Following an internal inquiry, you may make a written request for a formal review of the staffing decision by the Merit Commissioner. You may make such a request only if the competition was for a bargaining unit position, and only on the same grounds as you put forward in your request for an internal inquiry by the Deputy Minister at step two.
And what about the grounds that don’t work?...
So much for good grounds. What sort of arguments are likely not to work?
Candidates often feel injured and offended that management could select someone else to do the job they hoped would be theirs’. A standard reaction to hurt feelings is to look for ways of discrediting the successful candidate or denigrating the ability and judgement of the selection panel. While these reactions are understandable, they are invariably dead-end roads as grounds for a review. Appeals are doomed if they are founded on the proposition that the panel simply made a bum choice.
Attacks on the government’s selection system won’t work either. Some of us may not like it, but the critical determinant of success in public service competitions is the panel interview. Reviews will not succeed on the ground that too much weight was assigned to knowledge and skills as demonstrated in the interview, and too little to factors such as credentials, long experience and a solid employment record. Requests for review that are based on claims that the appellant’s education and work history are better than the successful candidate’s will not fly. Those factors are important in getting candidates through the door — they are significant screening criteria — but once a short list of qualified candidates is determined the government’s selection process is designed to enable the candidate who gives the best interview to grab the brass ring.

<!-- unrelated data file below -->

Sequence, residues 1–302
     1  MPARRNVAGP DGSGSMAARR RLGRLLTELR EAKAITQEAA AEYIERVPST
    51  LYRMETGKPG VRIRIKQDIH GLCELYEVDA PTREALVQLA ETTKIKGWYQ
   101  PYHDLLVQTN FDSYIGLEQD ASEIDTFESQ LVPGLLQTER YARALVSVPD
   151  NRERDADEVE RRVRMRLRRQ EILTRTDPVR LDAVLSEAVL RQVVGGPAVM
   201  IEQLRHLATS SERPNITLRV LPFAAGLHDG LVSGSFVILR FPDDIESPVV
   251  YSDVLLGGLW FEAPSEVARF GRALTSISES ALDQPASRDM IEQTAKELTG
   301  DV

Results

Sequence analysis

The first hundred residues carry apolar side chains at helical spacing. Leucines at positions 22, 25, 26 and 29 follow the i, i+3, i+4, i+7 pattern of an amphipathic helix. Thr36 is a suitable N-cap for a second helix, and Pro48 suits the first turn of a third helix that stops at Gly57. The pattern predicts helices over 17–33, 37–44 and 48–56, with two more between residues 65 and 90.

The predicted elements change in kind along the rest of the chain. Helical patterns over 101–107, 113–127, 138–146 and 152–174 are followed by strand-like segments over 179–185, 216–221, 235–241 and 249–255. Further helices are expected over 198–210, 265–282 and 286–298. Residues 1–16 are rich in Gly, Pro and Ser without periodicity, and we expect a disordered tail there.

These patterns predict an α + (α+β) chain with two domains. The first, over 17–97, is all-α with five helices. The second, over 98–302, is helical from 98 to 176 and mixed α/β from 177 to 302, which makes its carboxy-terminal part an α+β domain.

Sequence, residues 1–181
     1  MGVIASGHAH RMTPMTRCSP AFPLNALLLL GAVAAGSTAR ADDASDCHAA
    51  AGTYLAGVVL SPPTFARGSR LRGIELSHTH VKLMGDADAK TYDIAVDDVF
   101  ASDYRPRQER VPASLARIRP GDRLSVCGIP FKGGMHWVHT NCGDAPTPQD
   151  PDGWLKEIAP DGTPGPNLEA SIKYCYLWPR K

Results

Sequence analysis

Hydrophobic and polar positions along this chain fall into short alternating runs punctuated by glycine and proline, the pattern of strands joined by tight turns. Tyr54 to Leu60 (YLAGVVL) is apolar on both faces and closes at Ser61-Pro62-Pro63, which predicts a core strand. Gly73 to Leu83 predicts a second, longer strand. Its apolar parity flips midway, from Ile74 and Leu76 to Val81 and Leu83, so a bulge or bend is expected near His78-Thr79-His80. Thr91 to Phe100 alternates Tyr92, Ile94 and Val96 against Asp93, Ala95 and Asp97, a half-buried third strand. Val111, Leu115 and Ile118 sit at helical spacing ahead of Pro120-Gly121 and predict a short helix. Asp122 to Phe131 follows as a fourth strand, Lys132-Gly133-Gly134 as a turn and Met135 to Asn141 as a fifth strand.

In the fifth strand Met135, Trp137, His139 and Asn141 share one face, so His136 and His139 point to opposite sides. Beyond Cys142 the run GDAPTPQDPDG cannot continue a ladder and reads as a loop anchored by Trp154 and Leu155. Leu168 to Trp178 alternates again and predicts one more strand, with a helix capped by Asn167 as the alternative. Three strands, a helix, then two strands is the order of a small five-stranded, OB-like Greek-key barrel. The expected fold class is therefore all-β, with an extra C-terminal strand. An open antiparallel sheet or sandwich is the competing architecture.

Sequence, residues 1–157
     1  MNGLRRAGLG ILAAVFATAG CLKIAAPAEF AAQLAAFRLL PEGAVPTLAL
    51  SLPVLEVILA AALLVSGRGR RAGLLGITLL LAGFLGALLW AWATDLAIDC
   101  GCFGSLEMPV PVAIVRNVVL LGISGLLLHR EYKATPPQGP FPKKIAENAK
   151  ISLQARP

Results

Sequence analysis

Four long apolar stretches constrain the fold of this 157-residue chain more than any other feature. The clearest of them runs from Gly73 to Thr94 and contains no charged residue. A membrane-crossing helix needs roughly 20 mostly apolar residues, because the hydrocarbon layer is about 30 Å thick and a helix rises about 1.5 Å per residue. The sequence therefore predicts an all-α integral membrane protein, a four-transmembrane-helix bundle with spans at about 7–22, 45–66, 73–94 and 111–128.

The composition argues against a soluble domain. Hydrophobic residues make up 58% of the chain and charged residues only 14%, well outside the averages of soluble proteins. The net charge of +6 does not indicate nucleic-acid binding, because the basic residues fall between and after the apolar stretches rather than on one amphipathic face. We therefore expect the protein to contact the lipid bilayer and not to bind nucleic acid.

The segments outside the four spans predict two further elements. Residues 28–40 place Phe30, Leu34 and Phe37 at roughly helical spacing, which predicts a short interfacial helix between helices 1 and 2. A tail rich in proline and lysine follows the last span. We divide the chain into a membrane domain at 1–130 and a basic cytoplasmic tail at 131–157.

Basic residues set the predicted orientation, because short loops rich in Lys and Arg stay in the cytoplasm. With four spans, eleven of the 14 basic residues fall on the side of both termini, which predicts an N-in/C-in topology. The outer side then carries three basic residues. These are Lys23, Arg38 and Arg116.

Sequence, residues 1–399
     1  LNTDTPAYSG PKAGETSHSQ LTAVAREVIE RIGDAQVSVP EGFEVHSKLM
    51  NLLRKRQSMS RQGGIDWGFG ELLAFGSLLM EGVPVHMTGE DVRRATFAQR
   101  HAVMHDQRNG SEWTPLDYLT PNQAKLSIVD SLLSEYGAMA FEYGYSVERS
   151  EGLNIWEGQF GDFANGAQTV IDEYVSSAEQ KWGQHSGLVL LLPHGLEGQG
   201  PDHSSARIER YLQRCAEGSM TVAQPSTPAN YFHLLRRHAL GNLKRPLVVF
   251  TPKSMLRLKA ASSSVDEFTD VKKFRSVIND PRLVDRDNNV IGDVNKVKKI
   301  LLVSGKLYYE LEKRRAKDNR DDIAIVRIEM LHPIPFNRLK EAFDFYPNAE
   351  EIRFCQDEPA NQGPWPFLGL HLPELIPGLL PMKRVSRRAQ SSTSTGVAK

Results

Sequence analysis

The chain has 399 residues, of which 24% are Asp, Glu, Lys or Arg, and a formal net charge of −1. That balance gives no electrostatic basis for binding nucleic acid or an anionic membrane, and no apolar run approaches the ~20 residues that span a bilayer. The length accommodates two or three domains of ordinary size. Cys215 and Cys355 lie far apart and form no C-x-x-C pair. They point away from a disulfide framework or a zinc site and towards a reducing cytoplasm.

It will do no good to rail against the merit determination system. Credentials and experience play an important part in determining whether an employee has the basic qualifications for the position — and is thus eligible for an interview — but after that the system assumes that everyone is on a level playing field and the spoils of victory go to those who perform best in the interview room.
If you want a staffing decision to be overturned through the review process, look to the factors identified above, and be sure you’re in a position to identify specific and significant offences against the standards selection panels are required to meet.